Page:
Establishing a trust in your will can be a very valuable tool, as it can lessen IHT (Inheritance Tax) as well as ensure that your children aren’t disinherited by a change in your marital status (such as getting a divorce or remarried). In addition, a Property Protection Trust can help shield your assets from any care fee payments. However, trusts can be a very complex addition to your will, and you could be left wondering exactly what a trust is, and why you need one immediately.Trusts can be written in two ways, to either take effect while you’re still alive or upon your death. A simple trust can be a clause within a will that protects your assets until a child comes to a certain age, or can be a complex way to care for a child with special needs who cannot manage their own affairs.
Lifetime Interest Trust
If you’re thinking of looking into trusts in Ipswich then you really need to be aware of two different kinds. The Lifetime Interest Trust (also known as the Family Asset Protection Trust) essentially gives ownership of certain assets to a trust. You control this trust, and can benefit from it while you’re still alive, such as receiving interest or dividend payments. You can still buy or sell assets as well.However, this trust makes it so that if you should die, your partner can still benefit from your assets, such as continuing to live in the home. When they die, the trust (and your assets) passes on to your beneficiaries, like your children or other people named in your will.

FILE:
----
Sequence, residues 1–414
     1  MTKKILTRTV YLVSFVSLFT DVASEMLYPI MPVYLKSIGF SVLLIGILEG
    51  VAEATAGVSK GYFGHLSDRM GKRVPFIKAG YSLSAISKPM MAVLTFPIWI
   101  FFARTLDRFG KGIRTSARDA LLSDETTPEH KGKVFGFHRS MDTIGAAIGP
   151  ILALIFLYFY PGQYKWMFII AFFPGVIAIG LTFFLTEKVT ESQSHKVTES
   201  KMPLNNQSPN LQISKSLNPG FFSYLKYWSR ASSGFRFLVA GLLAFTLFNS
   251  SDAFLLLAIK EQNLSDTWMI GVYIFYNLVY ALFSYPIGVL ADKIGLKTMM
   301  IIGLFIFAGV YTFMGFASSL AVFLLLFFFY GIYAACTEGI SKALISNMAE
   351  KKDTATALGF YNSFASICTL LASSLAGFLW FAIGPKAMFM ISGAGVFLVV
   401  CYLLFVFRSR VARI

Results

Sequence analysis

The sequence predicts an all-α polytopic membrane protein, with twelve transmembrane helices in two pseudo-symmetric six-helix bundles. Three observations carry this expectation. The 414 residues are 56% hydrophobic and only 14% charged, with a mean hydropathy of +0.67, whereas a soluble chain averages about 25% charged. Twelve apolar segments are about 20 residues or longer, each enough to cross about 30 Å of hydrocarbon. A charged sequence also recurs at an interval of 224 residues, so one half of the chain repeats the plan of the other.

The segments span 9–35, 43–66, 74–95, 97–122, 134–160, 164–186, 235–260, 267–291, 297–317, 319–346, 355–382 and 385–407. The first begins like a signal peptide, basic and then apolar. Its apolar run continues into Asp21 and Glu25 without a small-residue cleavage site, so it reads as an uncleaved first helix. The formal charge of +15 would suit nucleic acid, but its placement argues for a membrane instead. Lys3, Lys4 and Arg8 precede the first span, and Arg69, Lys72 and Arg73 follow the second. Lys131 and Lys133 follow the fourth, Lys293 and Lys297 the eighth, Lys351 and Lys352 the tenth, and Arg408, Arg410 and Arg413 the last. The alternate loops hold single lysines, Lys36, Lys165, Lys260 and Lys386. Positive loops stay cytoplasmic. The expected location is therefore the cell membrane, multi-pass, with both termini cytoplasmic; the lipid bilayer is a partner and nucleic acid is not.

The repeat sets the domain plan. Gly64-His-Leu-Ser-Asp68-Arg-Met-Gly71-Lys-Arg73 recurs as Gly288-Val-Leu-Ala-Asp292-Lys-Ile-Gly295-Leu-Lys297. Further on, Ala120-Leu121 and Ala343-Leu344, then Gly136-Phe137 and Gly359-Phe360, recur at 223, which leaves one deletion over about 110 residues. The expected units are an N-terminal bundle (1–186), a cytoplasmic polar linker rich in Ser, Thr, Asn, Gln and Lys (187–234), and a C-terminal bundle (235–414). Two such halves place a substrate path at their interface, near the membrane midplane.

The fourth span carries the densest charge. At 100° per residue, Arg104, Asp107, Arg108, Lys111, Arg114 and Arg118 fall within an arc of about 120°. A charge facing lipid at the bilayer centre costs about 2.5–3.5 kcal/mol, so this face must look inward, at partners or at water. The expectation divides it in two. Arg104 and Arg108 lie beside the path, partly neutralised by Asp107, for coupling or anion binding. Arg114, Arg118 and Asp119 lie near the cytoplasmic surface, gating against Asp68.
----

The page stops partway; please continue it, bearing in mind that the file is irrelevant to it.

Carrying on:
A discretionary trust is particularly useful for couples who are unmarried, and therefore cannot benefit from any inheritance tax upon one partner’s death. This type of trust has assets to include property, which can be transferred upon the person’s death to be managed by trustees. Trustees in this case could be the surviving partner or any named beneficiary, and those trustees can decide how to use and distribute those assets.
This type of trust saves you thousands of pounds, even though you still need to pay the inheritance tax on the first partner’s half of the assets, all in a perfectly legal way. Discretionary trusts can also be used for sideways disinheritance, as well as provide for a family member with a certain disability.Trusts can be very complex, but they don’t have to be a headache for you. Instead, consider employing the services of a will-writer who can write up the proper trust for your situation. If you’ve got a family that needs to be protected or assets that would need to be distributed upon your death, it’s important that you don’t put this off. You can benefit from a Lifetime Interest Trust every single day, or put a Discretionary Trust into place in the event of your death, protecting yourself and your loved ones.